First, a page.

Olympian April Ross Draws on Late Mom’s 'Bravery' amid Breast Cancer While on Volleyball Court

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April Ross is crediting her late mother Margie for inspiring her own courage and determination in both everyday life and in her professional sports career.

After losing her mother in college to metastatic breast cancer, the Olympic volleyball player, 38, tells PEOPLE she continues to find motivation by remembering Margie's fearlessness.

Ross says she recalls her mother's "courage and bravery" during her 10-year fight against cancer, and the athlete uses this as inspiration on the court.

"If we're in tough moments or things aren't going so well, I remember how much determination she showed us and I really find inspiration in that," Ross says of her mother. "I could step up and be brave and determined while I'm out here playing."

The two-time Olympic medalist, who will be vying for a third in Tokyo this summer, says she still feels as if her mother is looking out for her on the court.

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"If we have something go our way, if the ball hits the net and dribbles on the other side of the court, I pat my chest and point to the skies and say, 'Thanks mom, for making that go our way.' I just really feel her presence with me when I'm out there competing," Ross says.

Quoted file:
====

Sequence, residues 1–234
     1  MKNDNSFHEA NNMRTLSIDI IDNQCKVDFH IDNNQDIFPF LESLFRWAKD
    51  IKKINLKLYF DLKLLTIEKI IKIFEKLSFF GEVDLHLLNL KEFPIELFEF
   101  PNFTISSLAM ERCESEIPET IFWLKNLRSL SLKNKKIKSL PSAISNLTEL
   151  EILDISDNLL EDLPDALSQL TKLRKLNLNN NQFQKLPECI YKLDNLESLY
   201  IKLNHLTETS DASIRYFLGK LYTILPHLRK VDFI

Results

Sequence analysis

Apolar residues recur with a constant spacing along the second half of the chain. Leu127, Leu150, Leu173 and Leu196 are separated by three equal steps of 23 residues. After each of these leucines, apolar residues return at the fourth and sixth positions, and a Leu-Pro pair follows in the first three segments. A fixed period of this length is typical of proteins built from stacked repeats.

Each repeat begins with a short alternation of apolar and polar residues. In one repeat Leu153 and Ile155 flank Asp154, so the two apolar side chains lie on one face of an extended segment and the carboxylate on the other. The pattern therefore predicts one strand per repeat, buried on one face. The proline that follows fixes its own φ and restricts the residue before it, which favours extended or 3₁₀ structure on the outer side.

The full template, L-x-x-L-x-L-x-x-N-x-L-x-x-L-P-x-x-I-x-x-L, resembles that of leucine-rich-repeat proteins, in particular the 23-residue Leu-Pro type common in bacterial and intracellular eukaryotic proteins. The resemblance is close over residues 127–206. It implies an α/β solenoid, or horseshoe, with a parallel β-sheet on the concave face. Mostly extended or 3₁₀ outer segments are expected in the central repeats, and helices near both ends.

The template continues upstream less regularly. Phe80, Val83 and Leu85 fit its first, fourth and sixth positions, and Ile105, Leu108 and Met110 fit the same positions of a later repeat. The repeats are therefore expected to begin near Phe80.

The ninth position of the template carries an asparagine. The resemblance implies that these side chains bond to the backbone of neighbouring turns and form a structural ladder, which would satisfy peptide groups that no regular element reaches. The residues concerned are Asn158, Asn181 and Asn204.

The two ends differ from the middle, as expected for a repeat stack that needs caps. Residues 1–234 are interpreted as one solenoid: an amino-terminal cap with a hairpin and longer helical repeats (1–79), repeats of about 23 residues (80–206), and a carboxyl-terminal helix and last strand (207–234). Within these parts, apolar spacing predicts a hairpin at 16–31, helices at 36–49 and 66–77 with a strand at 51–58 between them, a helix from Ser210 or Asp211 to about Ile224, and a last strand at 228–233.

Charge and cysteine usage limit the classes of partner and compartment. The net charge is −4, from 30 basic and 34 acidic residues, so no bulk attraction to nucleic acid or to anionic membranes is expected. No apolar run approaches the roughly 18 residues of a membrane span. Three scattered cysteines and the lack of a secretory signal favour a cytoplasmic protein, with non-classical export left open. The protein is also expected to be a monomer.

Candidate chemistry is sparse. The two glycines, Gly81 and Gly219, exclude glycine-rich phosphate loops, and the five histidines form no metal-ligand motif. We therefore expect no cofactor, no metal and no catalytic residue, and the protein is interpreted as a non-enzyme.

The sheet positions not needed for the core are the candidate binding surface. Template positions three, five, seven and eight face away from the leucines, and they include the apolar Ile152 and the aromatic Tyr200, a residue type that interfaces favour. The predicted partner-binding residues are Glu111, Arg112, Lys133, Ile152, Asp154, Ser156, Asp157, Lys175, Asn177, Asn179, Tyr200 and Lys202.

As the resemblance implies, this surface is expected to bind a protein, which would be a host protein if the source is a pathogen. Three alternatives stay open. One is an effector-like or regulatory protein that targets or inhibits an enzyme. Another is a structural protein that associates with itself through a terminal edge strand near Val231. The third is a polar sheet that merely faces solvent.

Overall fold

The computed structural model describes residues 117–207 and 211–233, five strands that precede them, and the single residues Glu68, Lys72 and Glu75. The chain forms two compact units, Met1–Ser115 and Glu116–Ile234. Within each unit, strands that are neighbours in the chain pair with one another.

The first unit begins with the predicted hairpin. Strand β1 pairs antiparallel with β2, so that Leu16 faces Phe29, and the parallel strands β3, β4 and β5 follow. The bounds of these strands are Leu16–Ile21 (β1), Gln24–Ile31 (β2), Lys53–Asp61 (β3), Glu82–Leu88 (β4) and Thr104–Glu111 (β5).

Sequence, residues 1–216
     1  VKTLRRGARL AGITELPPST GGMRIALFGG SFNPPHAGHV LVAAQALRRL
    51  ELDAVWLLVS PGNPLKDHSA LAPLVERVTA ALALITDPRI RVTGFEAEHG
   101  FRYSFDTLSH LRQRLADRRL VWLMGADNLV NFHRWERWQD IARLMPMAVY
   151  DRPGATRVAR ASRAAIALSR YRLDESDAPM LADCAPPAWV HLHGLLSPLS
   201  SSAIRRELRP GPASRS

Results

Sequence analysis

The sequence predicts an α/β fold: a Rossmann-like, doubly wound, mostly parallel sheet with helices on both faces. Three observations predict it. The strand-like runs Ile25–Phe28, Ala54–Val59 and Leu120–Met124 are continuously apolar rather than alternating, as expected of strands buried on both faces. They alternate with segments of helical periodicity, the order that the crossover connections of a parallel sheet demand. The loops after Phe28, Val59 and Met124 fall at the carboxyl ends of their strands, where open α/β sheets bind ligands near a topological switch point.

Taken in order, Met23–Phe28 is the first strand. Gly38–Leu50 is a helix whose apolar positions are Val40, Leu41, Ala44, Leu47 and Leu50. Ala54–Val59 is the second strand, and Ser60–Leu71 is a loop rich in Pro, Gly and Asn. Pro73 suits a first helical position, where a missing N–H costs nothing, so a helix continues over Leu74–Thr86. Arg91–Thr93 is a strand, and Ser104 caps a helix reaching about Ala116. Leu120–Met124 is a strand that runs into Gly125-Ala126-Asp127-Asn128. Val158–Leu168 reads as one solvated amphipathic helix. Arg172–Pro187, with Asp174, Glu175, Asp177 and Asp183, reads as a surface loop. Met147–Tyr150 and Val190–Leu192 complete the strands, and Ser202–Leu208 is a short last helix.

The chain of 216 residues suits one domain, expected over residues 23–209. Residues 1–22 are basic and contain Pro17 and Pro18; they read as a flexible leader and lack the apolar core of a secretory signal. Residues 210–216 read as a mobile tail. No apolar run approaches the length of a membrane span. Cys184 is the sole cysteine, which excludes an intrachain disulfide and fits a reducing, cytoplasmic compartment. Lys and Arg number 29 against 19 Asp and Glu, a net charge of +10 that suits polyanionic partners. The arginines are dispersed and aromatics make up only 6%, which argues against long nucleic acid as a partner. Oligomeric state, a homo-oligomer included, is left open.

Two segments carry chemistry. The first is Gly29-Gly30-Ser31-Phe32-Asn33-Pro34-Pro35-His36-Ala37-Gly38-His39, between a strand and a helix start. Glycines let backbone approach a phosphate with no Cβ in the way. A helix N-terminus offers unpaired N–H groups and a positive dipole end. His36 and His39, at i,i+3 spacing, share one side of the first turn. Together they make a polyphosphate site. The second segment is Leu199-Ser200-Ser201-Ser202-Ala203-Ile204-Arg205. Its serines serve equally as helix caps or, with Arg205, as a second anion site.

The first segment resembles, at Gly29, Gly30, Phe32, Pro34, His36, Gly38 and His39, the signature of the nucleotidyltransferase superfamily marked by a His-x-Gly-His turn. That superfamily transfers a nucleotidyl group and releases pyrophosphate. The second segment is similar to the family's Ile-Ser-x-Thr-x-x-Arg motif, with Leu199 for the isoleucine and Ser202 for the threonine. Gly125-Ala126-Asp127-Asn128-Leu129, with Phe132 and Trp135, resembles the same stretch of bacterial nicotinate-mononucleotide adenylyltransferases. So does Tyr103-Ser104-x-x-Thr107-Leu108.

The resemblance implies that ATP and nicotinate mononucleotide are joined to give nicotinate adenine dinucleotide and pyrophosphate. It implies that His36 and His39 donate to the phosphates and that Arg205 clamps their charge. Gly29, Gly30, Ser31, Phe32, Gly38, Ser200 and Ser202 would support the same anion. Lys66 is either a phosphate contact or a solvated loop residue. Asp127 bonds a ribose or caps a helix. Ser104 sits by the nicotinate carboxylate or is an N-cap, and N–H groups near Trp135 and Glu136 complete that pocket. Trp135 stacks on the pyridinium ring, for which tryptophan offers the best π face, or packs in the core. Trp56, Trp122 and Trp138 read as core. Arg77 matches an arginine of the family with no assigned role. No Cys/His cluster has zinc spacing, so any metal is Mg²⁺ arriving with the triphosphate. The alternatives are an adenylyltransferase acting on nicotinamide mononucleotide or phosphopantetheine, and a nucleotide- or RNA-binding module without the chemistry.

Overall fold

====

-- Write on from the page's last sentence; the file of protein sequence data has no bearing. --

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As a partner with pharmaceutical brand Lilly, Ross hopes to raise awareness about metastatic breast cancer and continue to honor Margie and her story.

"It's taken me a long time to be able to talk about my mom's story because it's so emotional and so close to me," says Ross. "Being able to share her story with everyone, hopefully, it helps other people, but also it allows me to keep her memory alive and it really makes me feel like she's even more with me now than ever before."

As she prepares to head to the Tokyo Olympics, Ross says she's been "training all day every day" and is "making up for lost time" after the Games were postponed from last summer due to COVID-19.

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"Luckily we were able to create some creative ways to train during the pandemic and being out on the beach we were allowed to get out and do some normal training," she shares. "But to not have any competitions is a little nerve wracking for so long."

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For her third Olympic Games, Ross will play alongside first-time Olympian Alix Klineman.

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"I'm so excited to go with [Klineman] for her first time and see it through her eyes," Ross says. "I feel like we're getting better and better and we're positioned to do well."

With the extra year to practice, Ross says she and Klineman had the chance to work on different skills and are now "better off than we would've been a year ago."

"We've been held back and everybody's just anxious to compete and so excited," she continues. "I think it's going to be a great game."